The Most Contentious Settlements in the West Bank

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What makes places like the Ariel bloc so controversial?

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Reuters

The Atlantic's new special report "Is Peace Possible?" is featuring multimedia presentations on the four core issues of the Israeli-Palestinian conflict: Borders, Security, Refugees, and Jerusalem. These are complex issues, so post your questions in the comments section of each chapter, send them via email (to IsPeacePossible.Questions@gmail.com), or tweet them to us at @IsPeacePossible.

In your presentation on Borders, you mention Ariel as one of the most difficult settlements to resolve, because it is so populous but it is so deep into the West Bank. What are some of the other contentious settlements? Why are Maaleh Adumim and Efrat so controversial if they are so close to the 1967 lines?

The Ariel bloc actually consists of more than just the settlement of Ariel - it also includes settlements that are near the 1967 lines and which the Palestinians are likely to agree to include in the areas that are annexed into Israel because they are not extremely intrusive into the West Bank. These include Alfei Mensahe and the Elkana-Sha'are Tikva bloc (with their roughly 20,000 settlers). However, the Ariel bloc stretches far to the east, and includes a lengthy northern "finger" that stretches over Karnei Shomron, Immanuel, and all the way up to Kedumim; a central "finger" all the way to Ariel; and a southern "finger" that includes Beit Arie-Ofarim. In total, the areas of the Ariel bloc that are not immediately adjacent to the 1967 lines host about 40,000 settlers and have been one of the most contentious points in negotiations.

The greater Jerusalem area (also known as the "Jerusalem envelope") includes a few neighborhoods that are not as intrusive as the further settlements in the Ariel bloc, but are still extremely contentious. Israel does not see these as settlements (since they are within the boundary of municipal Jerusalem that Israel unilaterally annexed in 1967); so in addition to their large populations, Israel on principle demands that all these neighborhoods be dealt with along the parameters laid out by President Clinton in regard to Jerusalem that "Arab areas are Palestinian, and Jewish ones Israeli."

Giv'at Ze'ev (pop. roughly 12,000) is located northwest of Jerusalem, between Ramallah and Jerusalem. Palestinians contend that the proposed annexation of Giva'at Ze'ev would isolate East Jerusalem from the north (particularly Ramallah) and cut off Ramallah from many of the localities it serves in the area. Israelis insist that a border can be drawn that avoids these problems.

Ma'ale Adumim (pop. roughly 38,000) is located east of Jerusalem. Its large population make its annexation a key demand for Israeli negotiators. However, its location abuts the north-south connection of the West Bank's two parts, as well as one of the only areas to which the future Palestinian capital in East Jerusalem could expand. Numerous Israeli development plans and maps offered during previous negotiations, as well as the planned route of the security barrier, have proposed to annex not only the built-up area of the settlement, but a much larger swathe that includes smaller nearby settlements and the largely empty areas between them. Some plans - such as some of the Israeli maps offered at Camp David in 2000 - even call for the annexation to extend all the way to the outskirts of Jericho.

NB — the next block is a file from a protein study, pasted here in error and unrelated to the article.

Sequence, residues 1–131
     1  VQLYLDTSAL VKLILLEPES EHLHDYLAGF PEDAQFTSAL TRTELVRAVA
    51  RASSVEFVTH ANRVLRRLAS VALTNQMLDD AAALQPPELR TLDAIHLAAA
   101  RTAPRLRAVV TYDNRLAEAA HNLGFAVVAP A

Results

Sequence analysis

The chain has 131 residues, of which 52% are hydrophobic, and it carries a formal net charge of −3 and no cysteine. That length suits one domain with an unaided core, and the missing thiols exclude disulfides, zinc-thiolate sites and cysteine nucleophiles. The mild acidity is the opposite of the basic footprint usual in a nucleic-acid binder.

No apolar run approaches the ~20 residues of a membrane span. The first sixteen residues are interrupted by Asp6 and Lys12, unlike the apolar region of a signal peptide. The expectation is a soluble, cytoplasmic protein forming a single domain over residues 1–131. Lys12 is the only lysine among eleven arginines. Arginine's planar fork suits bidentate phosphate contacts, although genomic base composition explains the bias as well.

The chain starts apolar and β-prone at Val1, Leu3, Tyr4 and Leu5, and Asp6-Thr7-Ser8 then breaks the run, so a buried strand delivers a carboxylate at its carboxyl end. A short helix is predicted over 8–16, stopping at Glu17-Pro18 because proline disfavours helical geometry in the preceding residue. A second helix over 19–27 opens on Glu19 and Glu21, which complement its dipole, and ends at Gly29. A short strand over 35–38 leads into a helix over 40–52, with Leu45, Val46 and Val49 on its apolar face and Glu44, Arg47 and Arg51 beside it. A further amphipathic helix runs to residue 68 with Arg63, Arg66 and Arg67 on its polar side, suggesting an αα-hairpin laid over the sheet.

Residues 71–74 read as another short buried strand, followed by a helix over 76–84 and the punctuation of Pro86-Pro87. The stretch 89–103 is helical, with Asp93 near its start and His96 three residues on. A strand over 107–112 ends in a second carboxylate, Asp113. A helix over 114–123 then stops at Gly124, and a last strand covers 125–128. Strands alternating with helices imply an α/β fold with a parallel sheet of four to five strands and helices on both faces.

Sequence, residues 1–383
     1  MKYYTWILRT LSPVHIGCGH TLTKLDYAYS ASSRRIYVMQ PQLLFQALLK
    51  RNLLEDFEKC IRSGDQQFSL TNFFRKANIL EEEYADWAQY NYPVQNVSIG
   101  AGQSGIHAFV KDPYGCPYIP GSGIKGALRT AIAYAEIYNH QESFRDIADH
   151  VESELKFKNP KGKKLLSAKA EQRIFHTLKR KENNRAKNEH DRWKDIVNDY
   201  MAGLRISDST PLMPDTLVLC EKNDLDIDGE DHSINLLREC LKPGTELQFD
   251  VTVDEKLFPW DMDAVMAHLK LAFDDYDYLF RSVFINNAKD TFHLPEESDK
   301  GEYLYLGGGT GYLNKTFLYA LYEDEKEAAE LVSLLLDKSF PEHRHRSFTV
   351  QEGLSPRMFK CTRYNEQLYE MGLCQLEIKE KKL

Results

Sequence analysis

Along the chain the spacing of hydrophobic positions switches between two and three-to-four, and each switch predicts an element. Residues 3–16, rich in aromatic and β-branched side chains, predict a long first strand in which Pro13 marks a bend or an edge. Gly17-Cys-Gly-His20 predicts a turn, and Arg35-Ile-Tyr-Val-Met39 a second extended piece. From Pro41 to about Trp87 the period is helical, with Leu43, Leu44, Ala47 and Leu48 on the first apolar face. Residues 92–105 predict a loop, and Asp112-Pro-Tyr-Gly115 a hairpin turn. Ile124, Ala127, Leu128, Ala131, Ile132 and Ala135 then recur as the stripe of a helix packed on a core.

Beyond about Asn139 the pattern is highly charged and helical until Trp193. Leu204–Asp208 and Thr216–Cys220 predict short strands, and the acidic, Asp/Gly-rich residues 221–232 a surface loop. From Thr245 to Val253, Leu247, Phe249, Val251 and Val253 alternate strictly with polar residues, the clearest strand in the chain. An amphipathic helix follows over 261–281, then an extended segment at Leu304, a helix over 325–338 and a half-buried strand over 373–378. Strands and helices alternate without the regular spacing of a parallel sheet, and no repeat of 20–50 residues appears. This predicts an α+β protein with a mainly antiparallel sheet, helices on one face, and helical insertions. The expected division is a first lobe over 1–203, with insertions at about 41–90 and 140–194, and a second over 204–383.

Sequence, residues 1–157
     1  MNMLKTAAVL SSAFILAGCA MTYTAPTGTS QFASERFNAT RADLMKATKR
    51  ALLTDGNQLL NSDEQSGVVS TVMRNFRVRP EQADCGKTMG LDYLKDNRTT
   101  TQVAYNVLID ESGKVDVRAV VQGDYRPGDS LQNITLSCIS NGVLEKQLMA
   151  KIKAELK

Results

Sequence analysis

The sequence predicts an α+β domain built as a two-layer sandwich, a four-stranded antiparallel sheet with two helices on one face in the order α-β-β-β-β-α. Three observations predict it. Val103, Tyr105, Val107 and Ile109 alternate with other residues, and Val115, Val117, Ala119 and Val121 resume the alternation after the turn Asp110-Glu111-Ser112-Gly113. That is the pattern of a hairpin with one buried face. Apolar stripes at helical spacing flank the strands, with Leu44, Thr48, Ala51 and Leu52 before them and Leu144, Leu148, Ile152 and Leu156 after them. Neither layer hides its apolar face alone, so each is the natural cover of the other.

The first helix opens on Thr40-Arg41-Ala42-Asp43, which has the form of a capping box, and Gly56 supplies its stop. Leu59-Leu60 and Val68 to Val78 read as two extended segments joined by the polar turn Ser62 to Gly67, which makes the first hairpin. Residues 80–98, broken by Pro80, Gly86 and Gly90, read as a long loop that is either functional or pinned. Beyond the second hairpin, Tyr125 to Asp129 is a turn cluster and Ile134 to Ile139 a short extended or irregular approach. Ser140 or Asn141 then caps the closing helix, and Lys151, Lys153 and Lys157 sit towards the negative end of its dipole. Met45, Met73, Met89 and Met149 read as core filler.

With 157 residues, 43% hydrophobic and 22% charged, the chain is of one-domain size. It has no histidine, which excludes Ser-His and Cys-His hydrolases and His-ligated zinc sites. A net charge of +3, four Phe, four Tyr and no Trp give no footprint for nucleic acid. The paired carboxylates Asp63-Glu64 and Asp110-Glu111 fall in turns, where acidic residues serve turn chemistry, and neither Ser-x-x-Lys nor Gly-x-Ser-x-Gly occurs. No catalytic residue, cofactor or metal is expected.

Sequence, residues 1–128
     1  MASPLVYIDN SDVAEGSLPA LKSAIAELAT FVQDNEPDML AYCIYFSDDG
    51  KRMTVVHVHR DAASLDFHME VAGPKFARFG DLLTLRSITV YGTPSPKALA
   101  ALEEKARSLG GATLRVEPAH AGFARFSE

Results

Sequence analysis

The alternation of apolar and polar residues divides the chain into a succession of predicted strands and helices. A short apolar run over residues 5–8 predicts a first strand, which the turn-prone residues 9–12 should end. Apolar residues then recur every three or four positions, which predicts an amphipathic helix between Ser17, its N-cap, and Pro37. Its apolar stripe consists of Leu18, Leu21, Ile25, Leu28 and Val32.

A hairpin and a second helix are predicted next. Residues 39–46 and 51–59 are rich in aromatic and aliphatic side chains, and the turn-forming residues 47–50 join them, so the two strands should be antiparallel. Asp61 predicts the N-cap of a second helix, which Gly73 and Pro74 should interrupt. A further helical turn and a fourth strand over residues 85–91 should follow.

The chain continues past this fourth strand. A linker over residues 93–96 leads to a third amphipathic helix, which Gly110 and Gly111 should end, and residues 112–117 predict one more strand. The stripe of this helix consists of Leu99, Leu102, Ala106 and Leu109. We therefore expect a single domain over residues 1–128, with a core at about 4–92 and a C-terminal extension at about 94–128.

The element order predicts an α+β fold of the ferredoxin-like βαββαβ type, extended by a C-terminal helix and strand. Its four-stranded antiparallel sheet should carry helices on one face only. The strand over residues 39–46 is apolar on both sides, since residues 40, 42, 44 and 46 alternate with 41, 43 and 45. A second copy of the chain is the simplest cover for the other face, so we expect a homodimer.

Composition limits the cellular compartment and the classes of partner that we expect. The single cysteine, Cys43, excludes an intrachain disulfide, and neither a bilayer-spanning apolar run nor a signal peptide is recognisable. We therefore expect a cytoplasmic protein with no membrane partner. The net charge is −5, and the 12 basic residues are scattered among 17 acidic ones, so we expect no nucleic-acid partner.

Har Homa (pop. roughly 12,000, and growing rapidly) is located inside Israel's self-declared municipal boundary of Jerusalem but which Palestinians -- and indeed the rest of the international community -- views as a controversial settlement that was created after the Oslo agreement was signed and is located between Bethlehem and the Palestinian parts of East Jerusalem. Its annexation would also restrict Bethlehem's natural development/expansion to the north and, in combination with Gilo, would essentially envelope the Arab villages of Beit Safafa and Sharafat.

Efrat (pop. roughly 9,000) is located east of the Etzion bloc. While it is relatively contiguous to the Etzion bloc, it is located east of Road 60 -- the main north-south artery in the West Bank -- and therefore its annexation would disrupt Palestinian contiguity, particularly between East Jerusalem and Hebron.

There are innovative proposals for how to avert or bypass some of the problems arising from the troublesome location of these neighborhoods and settlements. For example, in the case of Giv'at Ze'ev and Ma'ale Adumim, the Geneva Initiative suggests that only the built-up area of the settlement and a narrow corridor to them be annexed, and therefore rather simple infrastructure modifications would allow the free movement of Israelis and Palestinians in these areas.

Still, the settlements above represent the major gaps between the sides. The Baker Institute's Getting to the Territorial Endgame of an Israeli-Palestinian Peace Settlement gives a helpful settlement-by-settlement breakdown of each side's concerns on these and other areas. The annex in David Makovsky's extensive report, Imagining the Border: Options for Resolving the Israeli-Palestinian Territorial Issue gives useful thumbnail sketches of each of these settlements.

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Dan Rothem is a Senior Research Consultant for the S. Daniel Abraham Center for Middle East Peace. More

Dan Rothem is a Senior Research Consultant for the S. Daniel Abraham Center for Middle East Peace. Using publicly available information, personal research and data obtained through collaborations with NGOs and Israel's policy and security community, Dan has overseen the development of an extensive map database relating to the West Bank, Gaza Strip, and Jerusalem.
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